A complex and well-documented site on a rocky spur in Woy Woy, which is known for its "seven dancing rabbits"
This complex site near Woy Woy Road contains many engravings across multiple adjacent rock platforms. The site has been documented by W.D. Campbell (1899), Ian Sim (1966), Fred McCarthy (1983) and Stanbury & Clegg (1990). A sketch of the main site by Stanbury & Clegg (right) shows the location of the engravings at both ends of a long series of rock platforms. Additional and faint engravings are also present between these sites, but you need the right lighting to see many of them. As is typical of many ridge engraving sites, there are expansive views – from most of the rock platforms you can see across to the ocean, and the entrance to Brisbane Water. Near the entrance to the site (McCarthy Mankind Group 156) is a mundoe, fish, part of a man and what may be the leg of an emu: these are quite faint and hard to make out. (There’s also some circular “cup marks”, which may be engravings, or natural geological features.) These were described in detail by Ian Sim: “The figures are in two compact groups. The first comprises three circles, two fish, a five-toed footprint, a hand and forearm (?) and several short lines or parts of figures. The second group, a few feet north-west comprises two ovals, part of a large circle, several lines or parts of figures and a man. The man has a short line running from each instep, an anklet, girdlet and necklet, and has an elongated oval headdress (?) with a tranverse line across it. Touching his waist is a large boomerang (?) with five transverse lines… on the south-western side of the two groups is a fish (?) and two short lines“. The two more interesting groups of engravings are at the far end of the rock platform: the first cluster (McCarthy Group 179 Series 2 / Campbell Plate 28 Fig 4) includes a large shield, an eel, a skate, a large whale-like fish, some smaller fish and a leaping kangaroo or wallaby. Most of these engravings are fairly distinct.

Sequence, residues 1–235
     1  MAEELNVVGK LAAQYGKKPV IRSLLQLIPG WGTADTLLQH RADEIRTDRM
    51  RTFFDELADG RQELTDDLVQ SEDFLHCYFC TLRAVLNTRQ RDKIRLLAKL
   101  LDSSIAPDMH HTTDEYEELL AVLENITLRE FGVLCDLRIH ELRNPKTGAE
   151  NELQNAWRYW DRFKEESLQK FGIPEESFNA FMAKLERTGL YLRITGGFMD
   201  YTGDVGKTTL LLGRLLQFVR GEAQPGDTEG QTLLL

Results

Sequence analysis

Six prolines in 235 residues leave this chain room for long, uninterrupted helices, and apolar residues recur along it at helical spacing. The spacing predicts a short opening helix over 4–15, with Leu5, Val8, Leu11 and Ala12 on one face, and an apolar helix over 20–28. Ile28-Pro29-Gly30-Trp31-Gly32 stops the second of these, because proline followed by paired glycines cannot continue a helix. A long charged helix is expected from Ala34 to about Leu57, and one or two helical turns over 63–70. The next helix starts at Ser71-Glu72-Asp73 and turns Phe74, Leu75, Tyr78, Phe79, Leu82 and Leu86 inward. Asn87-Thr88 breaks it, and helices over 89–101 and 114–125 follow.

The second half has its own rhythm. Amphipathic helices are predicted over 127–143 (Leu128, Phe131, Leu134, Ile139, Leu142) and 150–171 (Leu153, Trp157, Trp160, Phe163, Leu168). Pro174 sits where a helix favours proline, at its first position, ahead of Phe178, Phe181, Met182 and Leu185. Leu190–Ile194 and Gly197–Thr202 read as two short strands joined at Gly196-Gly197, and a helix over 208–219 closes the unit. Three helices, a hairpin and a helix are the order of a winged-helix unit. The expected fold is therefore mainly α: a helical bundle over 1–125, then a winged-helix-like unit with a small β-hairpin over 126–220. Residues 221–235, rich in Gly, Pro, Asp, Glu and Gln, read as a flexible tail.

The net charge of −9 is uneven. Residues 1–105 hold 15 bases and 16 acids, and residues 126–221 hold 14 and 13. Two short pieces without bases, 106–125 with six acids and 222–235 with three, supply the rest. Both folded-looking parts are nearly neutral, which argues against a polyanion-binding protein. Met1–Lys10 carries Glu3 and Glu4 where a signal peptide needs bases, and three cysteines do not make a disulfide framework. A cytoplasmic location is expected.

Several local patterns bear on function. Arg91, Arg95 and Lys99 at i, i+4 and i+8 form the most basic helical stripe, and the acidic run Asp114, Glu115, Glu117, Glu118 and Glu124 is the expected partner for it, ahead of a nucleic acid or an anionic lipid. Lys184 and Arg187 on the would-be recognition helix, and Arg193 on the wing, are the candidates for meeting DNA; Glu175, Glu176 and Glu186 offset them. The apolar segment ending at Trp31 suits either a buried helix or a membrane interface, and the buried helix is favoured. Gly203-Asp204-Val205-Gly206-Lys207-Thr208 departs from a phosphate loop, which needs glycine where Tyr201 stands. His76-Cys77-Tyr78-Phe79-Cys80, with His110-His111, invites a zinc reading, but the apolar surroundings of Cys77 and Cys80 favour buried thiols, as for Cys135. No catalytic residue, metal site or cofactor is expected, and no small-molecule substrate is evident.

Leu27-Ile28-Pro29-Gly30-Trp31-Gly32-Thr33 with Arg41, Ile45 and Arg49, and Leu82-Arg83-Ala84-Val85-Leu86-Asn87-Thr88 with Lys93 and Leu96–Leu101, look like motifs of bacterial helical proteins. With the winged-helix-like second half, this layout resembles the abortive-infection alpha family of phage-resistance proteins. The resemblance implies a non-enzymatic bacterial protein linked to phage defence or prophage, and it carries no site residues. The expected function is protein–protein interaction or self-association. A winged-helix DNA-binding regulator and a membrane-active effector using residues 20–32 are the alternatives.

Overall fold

Source: Sydney Rock Art
Nearby is the second and more well-known cluster of engravings (McCarthy Group 179 Series 1 / Campbell Plate 28 Fig 3): “two small figures of men, sixteen feet apart, and near one is a large fish, and extending in an arched line over the fish is a string of nine small animals, evidently rabbits, and forty feet to the northward is a large kangaroo” (Campbell). The reference to rabbits by Campbell is intriguing, and has led to the site being referred to as the one with the “dancing rabbits”. Stanbury & Clegg suggest they may be rabbits (dating the engraving as being sometime in the early 1800s), or as rabbit-eared bandicoots (which are only known to have lived west of the dividing range). Others have suggested they represent bilbies, which are now extinct in this area, or dancing people wearing headdress (Sydney Rock Art).

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An overview of Aboriginal rock art, including engravings (rock art) and cave paintinhs, and a list of significant sites in and around Sydney.

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